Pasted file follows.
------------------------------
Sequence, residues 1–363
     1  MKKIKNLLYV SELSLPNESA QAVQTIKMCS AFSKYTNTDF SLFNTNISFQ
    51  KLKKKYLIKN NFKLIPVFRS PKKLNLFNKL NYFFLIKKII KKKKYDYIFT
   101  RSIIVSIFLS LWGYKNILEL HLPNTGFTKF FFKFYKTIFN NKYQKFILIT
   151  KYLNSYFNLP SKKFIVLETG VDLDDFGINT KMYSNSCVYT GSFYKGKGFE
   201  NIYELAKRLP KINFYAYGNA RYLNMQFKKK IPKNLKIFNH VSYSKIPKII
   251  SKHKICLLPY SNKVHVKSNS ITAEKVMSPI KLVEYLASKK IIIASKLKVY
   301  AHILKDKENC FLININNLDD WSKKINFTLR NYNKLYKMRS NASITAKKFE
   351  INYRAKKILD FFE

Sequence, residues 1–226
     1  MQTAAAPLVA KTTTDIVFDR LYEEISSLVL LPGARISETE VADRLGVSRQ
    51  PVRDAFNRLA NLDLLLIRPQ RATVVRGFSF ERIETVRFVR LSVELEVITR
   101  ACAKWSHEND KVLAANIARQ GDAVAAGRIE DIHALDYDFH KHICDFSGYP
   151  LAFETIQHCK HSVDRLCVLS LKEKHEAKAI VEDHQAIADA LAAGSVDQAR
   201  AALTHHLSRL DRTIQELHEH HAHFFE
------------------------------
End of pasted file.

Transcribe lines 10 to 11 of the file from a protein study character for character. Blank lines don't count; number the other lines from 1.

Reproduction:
Sequence, residues 1–226
     1  MQTAAAPLVA KTTTDIVFDR LYEEISSLVL LPGARISETE VADRLGVSRQ